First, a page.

And 41 per cent of those questioned say the boiler is the most important device in the home, compared to 35 per cent who prioritised the television over the boiler... maybe they're the hardy types who like cold showers and wearing their coat indoors in winter.. 


eco friendly, eco home
The 2016 home - according to John Lewis
By Coco Piras

John Lewis  and its sales are a bellweather for the British economy, and what we buy from the department store shows where the Brits are at when it comes to homes and interiors

So its 2016 trend report has some interesting findings - particularly that hummingbirds, flamingos and pineapples have caught our fancy in the year of Brexit....

The trend for all things plain and taupe is clearly in abeyance; no, this year we've wanted clashing patterns, colour and quirkiness in our homes. So John Lewis has crunched the numbers and found that...drum roll... 
●     Sales of its multi-coloured hummingbird wallpaper (£25 a roll) went up by 94 per cent, while sales of chinaware with bold patterns were up 52 per cent.
●     Eye-catching flamingos emblazoned everything from cups and cushions to wallpaper and fairy lights. Searches for 'flamingo' increased by a staggering 200 per cent on,  apparently.
●     Gold pineapples made a quirky style statement. The retailer had been selling up to 70 a day of its recyclable aluminium pineapples (£30) ...though things have calmed down a bit.
The year of the avocado
2016 was also the year of the avocado - though fortunately avocado bathroom suites aren't back in vogue - with searches for avocado-related products 85 per cent higher than last year.
Doing our bit to cut plastic waste
More of us are heeding the plea that we stop buying water in throw-away plastic bottles as that plastic waste is ruining the oceans. JL says so far this year sales of re-fillable water bottles are up 35 per cent. 
Smart home
You may be a Luddite and not mind drawing your curtains by hand..but more of us want to press a button for things to get things moving at home and we're embracing that word of the moment - connectivity.
●     Searches for smart home products on were up 670 per cent. Yes, you read it right, 670.
●     JL has seen an 81 per cent increase in sales of smart home products
So what are we leaving behind?
Well, women don't want to hear big hats anymore, preferring to have a disc-shaped fascinator perched on the head.
Are we getting less group-vain? Well, seemingly because sales of selfie sticks are down, and online searches for them are down by 50 per cent compared to last year.
Designers, stop designing CD and DVD storage units because we all have on-demand telly these days. And mobile phones are putting alarm clocks out of business - sales are down nearly 10 per cent.  
painting and decorating, eco friendly, eco home
If you're visiting people, here are some house guest faux pas you need to know not to commit
By Hari Alexander

This doesn't relate to things eco, but we were amused by it in the Deco office and have wildly differing views on a few of the faux pas..

Anyway, a flooring company has done a survey of 1009 British adults to find out what they consider the most annoying things house guests do.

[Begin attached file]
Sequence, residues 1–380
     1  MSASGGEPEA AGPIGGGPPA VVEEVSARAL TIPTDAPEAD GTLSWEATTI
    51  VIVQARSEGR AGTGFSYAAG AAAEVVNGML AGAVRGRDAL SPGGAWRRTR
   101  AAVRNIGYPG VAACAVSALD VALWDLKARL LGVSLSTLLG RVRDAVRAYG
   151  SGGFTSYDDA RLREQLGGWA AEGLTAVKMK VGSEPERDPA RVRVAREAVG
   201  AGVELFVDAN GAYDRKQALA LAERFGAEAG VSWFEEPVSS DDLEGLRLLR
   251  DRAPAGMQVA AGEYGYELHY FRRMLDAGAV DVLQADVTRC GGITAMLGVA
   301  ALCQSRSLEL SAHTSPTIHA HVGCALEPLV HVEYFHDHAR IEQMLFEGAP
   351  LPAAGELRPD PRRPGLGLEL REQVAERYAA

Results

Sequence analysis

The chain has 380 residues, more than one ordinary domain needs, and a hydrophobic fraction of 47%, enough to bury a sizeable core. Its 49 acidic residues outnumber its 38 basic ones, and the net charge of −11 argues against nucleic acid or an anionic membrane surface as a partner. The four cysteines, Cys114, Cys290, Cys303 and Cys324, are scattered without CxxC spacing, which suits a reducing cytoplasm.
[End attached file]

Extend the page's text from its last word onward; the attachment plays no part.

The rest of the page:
Top of the list is using a mobile phone at the dinner table (we're all agreed on that) and apparently 77 per cent of those questioned don't like it when guests ask for the wifi password. Well, it does suggest the guest is anticipating being bored and needing to access YouTube Fifa videos...

Third on the list of top irritants is people wearing shoes indoors..and this is where I profoundly disagree. Indeed when I go to someone's house, particularly in the evening and it's not raining and my shoes aren't covered in mud, and I'm asked to take off my shoes, I feel like turning round and heading for home again. I don't want to have to spend the evening in my socks, I find it disempowering to be shoeless in a social gathering and I think it's rude to ask people to take off their shoes at the door.

I mean, let's imagine a posh party and a woman arrives at her hosts' door wearing beautiful high heels which complement her dress and generally make her look terrific, not to mention taller. To expect her to remove her lovely shoes and ruin the look of her outfit for the non existent possibility of damaging the hosts' carpets is unreasonable. Sure if shoes are filthy, take 'em off. But if you're so precious about your carpets, really, don't ask anyone to come round to your house.

Carrying on, we don't like visitors to look into our bedrooms without permission - we feel it's an invasion of privacy. And we hate people opening our fridges and peering inside. I must say, I'm with the survey on that given that my fridge is always pitifully empty bar that lone rotting courgette on the bottom shelf. 
When it comes to home entertaining, nearly a quarter of us say we expect guests not to arrive empty handed - a bottle of wine really is de rigeur, though if people are coming for lunch, we don't feel so strongly about it and only three per cent of those surveyed said they'd expect a guest to arrive with a gift. 
Apparently 22 per cent think it's very rude if you're a guest and you turn down food you're offered. And if you're staying with people for a few days, beware helping yourself to food! Eighty eight per cent of people questioned say they'd think it incredibly rude if a guest is helping him or herself to the contents of the biscount tin uninvited. 
Those top 10 faux pas in full:
Being on your phone over lunch / dinner
Asking for the Wi-Fi code
Wearing shoes on the carpet
Looking in bedrooms without permission
Looking inside the fridge without asking
Turning up to a dinner party without a gift
Helping yourself to food without asking
Putting your feet on the furniture
Turning down food when asked
Bringing around a pet without asking first
What do you think? drop us a line at
painting and decorating, flooring